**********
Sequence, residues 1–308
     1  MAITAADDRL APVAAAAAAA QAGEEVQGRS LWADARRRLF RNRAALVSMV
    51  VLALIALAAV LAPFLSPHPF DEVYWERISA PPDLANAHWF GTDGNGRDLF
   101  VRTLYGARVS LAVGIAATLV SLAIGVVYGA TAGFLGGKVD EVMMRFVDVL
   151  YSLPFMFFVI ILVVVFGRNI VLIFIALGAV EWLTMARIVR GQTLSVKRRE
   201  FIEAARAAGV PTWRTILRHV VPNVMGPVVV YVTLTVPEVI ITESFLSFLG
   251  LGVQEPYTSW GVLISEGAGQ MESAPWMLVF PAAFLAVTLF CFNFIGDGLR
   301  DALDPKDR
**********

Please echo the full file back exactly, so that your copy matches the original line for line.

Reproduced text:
Sequence, residues 1–308
     1  MAITAADDRL APVAAAAAAA QAGEEVQGRS LWADARRRLF RNRAALVSMV
    51  VLALIALAAV LAPFLSPHPF DEVYWERISA PPDLANAHWF GTDGNGRDLF
   101  VRTLYGARVS LAVGIAATLV SLAIGVVYGA TAGFLGGKVD EVMMRFVDVL
   151  YSLPFMFFVI ILVVVFGRNI VLIFIALGAV EWLTMARIVR GQTLSVKRRE
   201  FIEAARAAGV PTWRTILRHV VPNVMGPVVV YVTLTVPEVI ITESFLSFLG
   251  LGVQEPYTSW GVLISEGAGQ MESAPWMLVF PAAFLAVTLF CFNFIGDGLR
   301  DALDPKDR